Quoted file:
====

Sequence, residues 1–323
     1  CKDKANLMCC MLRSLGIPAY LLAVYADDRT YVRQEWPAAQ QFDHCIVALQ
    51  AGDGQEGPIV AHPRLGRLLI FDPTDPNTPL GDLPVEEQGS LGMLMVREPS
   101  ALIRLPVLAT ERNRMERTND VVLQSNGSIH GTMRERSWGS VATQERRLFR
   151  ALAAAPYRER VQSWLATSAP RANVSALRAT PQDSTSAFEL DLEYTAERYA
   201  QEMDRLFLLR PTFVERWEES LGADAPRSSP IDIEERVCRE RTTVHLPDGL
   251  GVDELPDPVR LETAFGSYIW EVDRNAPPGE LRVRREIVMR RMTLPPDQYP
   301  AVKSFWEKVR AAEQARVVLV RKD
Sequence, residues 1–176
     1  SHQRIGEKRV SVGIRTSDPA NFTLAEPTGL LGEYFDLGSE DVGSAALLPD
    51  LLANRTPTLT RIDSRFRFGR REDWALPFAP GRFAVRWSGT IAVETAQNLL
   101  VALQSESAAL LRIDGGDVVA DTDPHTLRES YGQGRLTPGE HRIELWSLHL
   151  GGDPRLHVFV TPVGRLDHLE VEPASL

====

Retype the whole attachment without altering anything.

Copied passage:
Sequence, residues 1–323
     1  CKDKANLMCC MLRSLGIPAY LLAVYADDRT YVRQEWPAAQ QFDHCIVALQ
    51  AGDGQEGPIV AHPRLGRLLI FDPTDPNTPL GDLPVEEQGS LGMLMVREPS
   101  ALIRLPVLAT ERNRMERTND VVLQSNGSIH GTMRERSWGS VATQERRLFR
   151  ALAAAPYRER VQSWLATSAP RANVSALRAT PQDSTSAFEL DLEYTAERYA
   201  QEMDRLFLLR PTFVERWEES LGADAPRSSP IDIEERVCRE RTTVHLPDGL
   251  GVDELPDPVR LETAFGSYIW EVDRNAPPGE LRVRREIVMR RMTLPPDQYP
   301  AVKSFWEKVR AAEQARVVLV RKD
Sequence, residues 1–176
     1  SHQRIGEKRV SVGIRTSDPA NFTLAEPTGL LGEYFDLGSE DVGSAALLPD
    51  LLANRTPTLT RIDSRFRFGR REDWALPFAP GRFAVRWSGT IAVETAQNLL
   101  VALQSESAAL LRIDGGDVVA DTDPHTLRES YGQGRLTPGE HRIELWSLHL
   151  GGDPRLHVFV TPVGRLDHLE VEPASL